CoC Source
March 28, 2013
News from the Oncology Community
Cancer Support Commmunity Data Shows Positive Results Following Screening for Cancer-Related Distress

The Research and Training Institute (RTI) of the Cancer Support Community (CSC) presented data at the March 2013 meeting of the National Comprehensive Cancer Network showing a significant decrease in emotional distress for people living with cancer who are screened with CSC’s distress screening program, CancerSupportSourceSM (CSS), and are linked to personalized resources. “Early diagnosis of and intervention for distress is related to better health outcomes and quality of life for people with cancer,” says Joanne Buzaglo, PhD, vice president of the CSC’s RTI. “We are thrilled to demonstrate that the use of CSS aided in the significant reduction of patients’ levels of distress within 30–45 days of initial screening,” said Dr. Buzaglo.

CSS is a comprehensive screening program that includes a 25-question tool to help identify priority areas in which a patient feels most worried as well as a full suite of community-based resources, customized to help individuals manage their concerns.  Patients in the study who underwent screening had a 10 percent decrease in overall distress with a 25 percent reduction in the number of concerns ranked as moderate or very serious.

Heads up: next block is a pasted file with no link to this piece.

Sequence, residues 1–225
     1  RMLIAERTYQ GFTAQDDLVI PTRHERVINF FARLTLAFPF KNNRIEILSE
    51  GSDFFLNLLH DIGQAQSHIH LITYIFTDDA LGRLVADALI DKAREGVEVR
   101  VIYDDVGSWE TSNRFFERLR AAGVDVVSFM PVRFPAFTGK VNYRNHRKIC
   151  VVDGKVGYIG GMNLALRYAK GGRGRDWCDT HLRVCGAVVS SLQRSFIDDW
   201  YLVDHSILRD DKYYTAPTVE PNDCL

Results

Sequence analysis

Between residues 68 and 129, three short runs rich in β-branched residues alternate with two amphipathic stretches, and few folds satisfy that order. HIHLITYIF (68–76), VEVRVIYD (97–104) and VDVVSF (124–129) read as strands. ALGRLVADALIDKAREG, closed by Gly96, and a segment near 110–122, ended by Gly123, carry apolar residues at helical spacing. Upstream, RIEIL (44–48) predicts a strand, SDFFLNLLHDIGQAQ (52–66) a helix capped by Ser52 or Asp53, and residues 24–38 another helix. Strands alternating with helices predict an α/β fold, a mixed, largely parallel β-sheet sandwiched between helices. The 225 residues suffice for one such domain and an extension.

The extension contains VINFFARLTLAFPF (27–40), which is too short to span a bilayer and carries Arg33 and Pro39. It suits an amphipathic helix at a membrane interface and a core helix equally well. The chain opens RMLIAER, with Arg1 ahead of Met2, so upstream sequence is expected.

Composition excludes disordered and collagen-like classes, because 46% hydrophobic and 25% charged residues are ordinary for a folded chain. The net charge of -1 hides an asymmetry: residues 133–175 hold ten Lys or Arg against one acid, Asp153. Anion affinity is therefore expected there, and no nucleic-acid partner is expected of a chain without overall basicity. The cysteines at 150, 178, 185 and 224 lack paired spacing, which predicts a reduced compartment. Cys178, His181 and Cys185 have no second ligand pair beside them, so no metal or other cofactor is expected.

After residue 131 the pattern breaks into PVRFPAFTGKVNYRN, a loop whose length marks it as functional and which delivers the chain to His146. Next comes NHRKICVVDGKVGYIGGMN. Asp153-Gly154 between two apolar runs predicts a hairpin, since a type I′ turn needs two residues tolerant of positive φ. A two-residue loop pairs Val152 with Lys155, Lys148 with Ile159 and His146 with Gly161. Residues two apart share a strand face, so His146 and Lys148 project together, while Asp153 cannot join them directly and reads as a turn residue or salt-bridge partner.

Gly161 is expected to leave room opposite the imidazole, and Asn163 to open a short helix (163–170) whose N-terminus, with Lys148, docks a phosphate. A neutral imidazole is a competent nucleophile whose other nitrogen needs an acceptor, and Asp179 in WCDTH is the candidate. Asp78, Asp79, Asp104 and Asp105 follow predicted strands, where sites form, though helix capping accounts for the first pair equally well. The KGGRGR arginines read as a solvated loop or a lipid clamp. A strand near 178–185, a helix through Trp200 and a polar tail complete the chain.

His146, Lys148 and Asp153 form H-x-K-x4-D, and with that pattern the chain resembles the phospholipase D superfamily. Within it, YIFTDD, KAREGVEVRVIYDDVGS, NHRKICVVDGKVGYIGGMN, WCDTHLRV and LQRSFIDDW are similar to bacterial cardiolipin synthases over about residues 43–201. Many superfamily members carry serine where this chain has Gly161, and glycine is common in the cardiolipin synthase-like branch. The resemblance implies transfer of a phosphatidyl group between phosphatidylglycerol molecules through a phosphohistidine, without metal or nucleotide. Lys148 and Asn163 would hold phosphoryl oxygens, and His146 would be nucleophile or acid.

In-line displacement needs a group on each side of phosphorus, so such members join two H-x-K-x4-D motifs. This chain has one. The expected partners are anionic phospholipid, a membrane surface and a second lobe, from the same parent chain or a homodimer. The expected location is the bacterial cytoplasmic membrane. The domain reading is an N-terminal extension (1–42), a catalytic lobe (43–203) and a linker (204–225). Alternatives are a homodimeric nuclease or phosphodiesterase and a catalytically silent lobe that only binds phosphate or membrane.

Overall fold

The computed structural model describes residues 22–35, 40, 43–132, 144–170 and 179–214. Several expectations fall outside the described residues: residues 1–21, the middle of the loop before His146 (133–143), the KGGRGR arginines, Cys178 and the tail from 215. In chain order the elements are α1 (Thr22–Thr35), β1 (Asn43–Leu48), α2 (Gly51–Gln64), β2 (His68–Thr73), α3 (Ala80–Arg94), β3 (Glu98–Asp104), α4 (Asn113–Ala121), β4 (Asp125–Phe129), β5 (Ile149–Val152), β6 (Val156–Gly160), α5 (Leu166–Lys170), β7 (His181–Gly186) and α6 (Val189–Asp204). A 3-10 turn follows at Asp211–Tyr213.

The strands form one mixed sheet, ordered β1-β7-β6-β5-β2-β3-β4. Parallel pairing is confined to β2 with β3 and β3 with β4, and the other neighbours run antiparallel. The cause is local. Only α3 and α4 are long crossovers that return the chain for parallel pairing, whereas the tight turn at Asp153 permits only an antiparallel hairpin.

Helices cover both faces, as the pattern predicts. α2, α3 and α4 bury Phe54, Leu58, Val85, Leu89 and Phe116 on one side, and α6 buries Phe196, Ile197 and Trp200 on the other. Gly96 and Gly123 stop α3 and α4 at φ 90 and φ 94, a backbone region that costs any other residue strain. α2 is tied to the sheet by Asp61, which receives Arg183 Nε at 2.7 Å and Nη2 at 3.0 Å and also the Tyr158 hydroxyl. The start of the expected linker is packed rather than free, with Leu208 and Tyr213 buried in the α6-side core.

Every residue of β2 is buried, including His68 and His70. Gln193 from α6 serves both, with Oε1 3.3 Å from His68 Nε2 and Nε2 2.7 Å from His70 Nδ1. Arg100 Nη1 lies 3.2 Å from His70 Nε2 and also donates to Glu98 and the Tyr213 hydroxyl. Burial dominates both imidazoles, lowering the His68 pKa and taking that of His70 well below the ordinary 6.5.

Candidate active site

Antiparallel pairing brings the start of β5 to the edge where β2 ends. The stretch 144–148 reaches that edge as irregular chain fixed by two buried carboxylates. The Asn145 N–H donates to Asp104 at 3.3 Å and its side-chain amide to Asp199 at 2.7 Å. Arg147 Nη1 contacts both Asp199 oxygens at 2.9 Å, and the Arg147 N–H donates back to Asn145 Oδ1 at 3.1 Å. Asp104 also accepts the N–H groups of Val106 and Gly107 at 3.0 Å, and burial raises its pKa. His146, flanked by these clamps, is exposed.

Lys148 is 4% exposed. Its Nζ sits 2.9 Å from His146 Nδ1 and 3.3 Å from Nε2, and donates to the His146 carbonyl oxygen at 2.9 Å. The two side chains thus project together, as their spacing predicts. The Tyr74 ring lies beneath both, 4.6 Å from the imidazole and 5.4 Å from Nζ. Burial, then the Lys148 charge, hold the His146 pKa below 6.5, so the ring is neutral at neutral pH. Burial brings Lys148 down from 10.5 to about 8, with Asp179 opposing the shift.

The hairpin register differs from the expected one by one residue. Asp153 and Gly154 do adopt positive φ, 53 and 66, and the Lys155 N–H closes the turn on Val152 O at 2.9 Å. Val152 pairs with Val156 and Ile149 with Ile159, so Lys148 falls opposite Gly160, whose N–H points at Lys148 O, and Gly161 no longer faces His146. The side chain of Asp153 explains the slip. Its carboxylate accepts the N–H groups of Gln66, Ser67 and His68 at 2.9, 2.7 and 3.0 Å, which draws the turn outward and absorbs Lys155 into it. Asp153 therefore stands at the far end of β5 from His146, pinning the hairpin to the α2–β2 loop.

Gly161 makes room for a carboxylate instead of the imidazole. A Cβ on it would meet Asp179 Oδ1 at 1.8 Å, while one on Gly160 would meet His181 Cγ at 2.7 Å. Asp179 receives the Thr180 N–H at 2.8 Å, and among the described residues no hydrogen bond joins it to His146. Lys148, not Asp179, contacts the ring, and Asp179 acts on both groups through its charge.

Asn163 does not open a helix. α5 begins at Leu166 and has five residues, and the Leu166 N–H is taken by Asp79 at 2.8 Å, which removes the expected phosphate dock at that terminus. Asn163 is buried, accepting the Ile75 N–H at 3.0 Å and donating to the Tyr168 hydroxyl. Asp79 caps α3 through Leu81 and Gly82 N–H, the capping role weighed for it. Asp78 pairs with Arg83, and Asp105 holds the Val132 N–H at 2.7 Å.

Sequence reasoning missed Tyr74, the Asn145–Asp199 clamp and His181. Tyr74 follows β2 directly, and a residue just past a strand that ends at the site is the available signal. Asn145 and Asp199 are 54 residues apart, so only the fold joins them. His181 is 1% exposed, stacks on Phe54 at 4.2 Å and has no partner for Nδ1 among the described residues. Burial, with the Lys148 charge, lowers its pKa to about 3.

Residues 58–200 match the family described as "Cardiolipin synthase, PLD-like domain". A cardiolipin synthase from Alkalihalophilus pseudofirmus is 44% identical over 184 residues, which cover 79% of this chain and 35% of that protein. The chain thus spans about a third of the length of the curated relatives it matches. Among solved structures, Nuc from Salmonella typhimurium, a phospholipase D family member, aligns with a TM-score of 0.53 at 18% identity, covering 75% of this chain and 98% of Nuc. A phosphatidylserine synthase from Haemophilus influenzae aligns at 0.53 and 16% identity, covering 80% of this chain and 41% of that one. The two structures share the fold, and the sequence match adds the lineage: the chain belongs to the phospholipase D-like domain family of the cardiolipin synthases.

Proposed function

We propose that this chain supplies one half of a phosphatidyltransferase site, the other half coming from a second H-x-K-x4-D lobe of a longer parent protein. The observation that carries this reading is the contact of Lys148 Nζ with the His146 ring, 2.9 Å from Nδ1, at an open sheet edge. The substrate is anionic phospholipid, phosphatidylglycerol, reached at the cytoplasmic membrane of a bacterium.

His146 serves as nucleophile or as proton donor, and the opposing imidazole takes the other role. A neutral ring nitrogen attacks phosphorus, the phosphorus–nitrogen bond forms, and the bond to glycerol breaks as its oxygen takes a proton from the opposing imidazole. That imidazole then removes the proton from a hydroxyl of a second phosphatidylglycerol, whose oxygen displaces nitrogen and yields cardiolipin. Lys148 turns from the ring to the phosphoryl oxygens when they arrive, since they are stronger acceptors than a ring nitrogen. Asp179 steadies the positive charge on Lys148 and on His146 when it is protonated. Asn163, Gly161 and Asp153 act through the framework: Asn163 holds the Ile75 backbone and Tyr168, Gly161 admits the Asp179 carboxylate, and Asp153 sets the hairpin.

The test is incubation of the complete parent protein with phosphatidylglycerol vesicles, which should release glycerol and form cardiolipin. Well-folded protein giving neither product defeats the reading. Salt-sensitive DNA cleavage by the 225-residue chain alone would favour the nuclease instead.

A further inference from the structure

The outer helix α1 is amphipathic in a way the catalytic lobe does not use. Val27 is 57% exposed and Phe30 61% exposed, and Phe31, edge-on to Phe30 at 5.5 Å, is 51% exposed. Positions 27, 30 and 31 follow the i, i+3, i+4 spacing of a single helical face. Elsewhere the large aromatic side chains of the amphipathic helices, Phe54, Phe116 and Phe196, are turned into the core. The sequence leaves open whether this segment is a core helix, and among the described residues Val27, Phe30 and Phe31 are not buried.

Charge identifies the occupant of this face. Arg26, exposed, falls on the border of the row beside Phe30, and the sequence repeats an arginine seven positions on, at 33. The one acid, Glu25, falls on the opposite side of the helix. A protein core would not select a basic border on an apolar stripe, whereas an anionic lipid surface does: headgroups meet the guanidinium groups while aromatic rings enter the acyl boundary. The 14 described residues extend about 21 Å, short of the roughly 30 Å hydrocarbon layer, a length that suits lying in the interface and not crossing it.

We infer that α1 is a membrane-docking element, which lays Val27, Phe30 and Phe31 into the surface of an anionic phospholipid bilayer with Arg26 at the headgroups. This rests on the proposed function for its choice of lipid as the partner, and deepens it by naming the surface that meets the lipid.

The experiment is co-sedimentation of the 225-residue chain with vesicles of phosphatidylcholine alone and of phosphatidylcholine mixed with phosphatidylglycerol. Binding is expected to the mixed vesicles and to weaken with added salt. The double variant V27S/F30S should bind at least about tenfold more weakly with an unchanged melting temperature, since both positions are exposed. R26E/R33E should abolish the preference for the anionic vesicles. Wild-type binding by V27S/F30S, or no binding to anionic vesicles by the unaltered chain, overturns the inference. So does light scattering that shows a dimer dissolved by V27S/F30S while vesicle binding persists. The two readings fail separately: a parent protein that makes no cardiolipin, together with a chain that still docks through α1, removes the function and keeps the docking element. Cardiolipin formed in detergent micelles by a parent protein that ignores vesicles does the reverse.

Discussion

Data presented at the meeting showed that CSS identified patients at risk for clinical depression with a high degree of certainty—equivalent to that of the Distress Thermometer, another cancer distress measurement tool.  Additional work is ongoing at the RTI to further target the early diagnosis of depression and to evaluate the impact of distress screening and follow-up on the cost of the cancer experience.

The combined findings support the recommendation of the 2008 Institute of Medicine report, Cancer Care for the Whole Patient, that social and emotional support must be a part of the standard for comprehensive, quality cancer care and that every person with cancer should be screened for distress. The findings also support the 2012 Patient-Centered Standards of the ACS CoC that, beginning in 2015, require all accredited cancer center patients be screened for distress. According to Christopher Gayer, PhD, director of the RTI, “The data is exciting because it supports the development and implementation of innovative approaches to help patients before their distress reaches a level that might create even more disruption in their treatment, quality of life or overall activities of daily living.”

For more information about distress screening or CancerSupportSource, visit the CSS website.


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Cancer Support Commmunity Data Shows Positive Results Following Screening for Cancer-Related Distress
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